A Strange New Normal (with Scones)
It’s been a while since I posted. January and February passed by in a blur, it was the busiest term at school. The term when we have to get all the Year 11 pupils to finish the coursework they’ve been working on for a year. The coursework that is worth 50% of their GSCE grade. It was lots of late nights and feeling stressed.
Then March arrived, we all started becoming more and more worried about this new virus that was starting to spread. Before we knew its, pupils and staff were self-isolating and then in a blur school was closed down and we were working from home.
It’s been a very strange spring term. By now I’ve already taught remotely for a week and started my Easter holidays. I also haven’t left my flat for 2 weeks.
My days are now filled with creating tutorials for stressed teachers trying to teach online (for many a new scary place), crafting (I’ll do a post about my quarantine quilt), keeping my autistic, depressed teenager calm and fed (more stressful than you think it’s going to be) and baking basics.
So far in my basic food baking adventure, I have made:
- Bread (white, with a soft crust – very specific instructions from said teenager)
- Pitta Bread (which I will try and post about at some point)
Today I thought I would share my very basic completely dairy-free scone recipe.
Now the trick to a good scone is to touch it as little as possible and to eat them as soon as possible!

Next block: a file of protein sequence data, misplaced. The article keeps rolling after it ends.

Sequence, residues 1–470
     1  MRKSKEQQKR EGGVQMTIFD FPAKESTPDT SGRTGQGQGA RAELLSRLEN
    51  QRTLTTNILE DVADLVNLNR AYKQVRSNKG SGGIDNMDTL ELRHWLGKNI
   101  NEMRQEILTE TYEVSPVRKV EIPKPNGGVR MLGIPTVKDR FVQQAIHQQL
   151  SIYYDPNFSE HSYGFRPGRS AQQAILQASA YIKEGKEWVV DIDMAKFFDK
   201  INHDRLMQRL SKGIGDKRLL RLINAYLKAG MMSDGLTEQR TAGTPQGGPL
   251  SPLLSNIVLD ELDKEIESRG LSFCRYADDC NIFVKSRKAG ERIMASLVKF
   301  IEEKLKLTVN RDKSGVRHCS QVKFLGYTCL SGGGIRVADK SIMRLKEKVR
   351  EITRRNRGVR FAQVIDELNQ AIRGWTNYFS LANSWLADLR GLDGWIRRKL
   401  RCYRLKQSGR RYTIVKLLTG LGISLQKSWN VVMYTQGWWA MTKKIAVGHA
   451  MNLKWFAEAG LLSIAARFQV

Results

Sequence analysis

It has 3 basic stages:
- Rub together the flour and fat, using the tips of your fingers until it resembles bread crumbs. If you have naturally hot hands (which I do not!) then you might want to wash them in cold water first, just make sure you dry them really well.
- Mix in cold milk, using a table knife – so you don’t touch it with your warm hands!
- Very briefly knead it before gently squishing it and then cutting out rounds with a cutter.
By minimising touching and keeping things cool, you should end up with crumbly soft scones.
Back when I taught Food Technology (a very, very long time ago), I used to teach 13 yr olds how to make scones. They would invariably end up squishing the dough around before finally cutting it out and then say the scones didn’t taste nice, as they were dense and chewy. So when I say handle as little as possible, I mean it!
- 225 g Self Raising Flour
- 1 pinch Salt
- 55 g Stork Margarine
- 25 g Caster Sugar
- 150 ml Oat Milk
- Preheat the oven to 220°c (200°c fan)
- Rub the flour, salt and margarine together using the tips of your fingers, until it resembles breadcrumbs.
- Stir in the sugar with a table knife.
- Mix in the oat milk, a little at a time, with the table knife until the dough has come together. It should be a soft dough, not sticky. You'll probably have some leftover milk.
- Turn out the dough onto a lightly floured surface. Gently knead it.
- Gently squish the dough until it forms a slab about 2cm thick. Cut out rounds of dough with a 5cm cutter.
- Gently squish the leftover dough together and repeat, until you have no dough left.
- Places the rounds on a baking tray and brush some leftover milk on the top of each scone.
- Bake in the oven for 10-15mins. Until the scones have risen and are golden brown.
- Take them out of the oven and leave them on a wire rack to cool.
I like to split my scones in half and slather them in raspberry jam when I eat them. I know that a scone purist would be cross with me, but what can I say – I like what I like!
19 April 2021
In which I attempt to make a giant quilt, for the first time!
6 February 2021
It’s taken just over a year, but this embroidery is finally finished!
1 January 2021
It's new year's day and I'm making Mushroom Ragu.
30 December 2020
How I used the school's Cricut machine to make custom stickers for Christmas wrapping.
14 June 2020
What did I get up to in the Sewing Weekender 2020?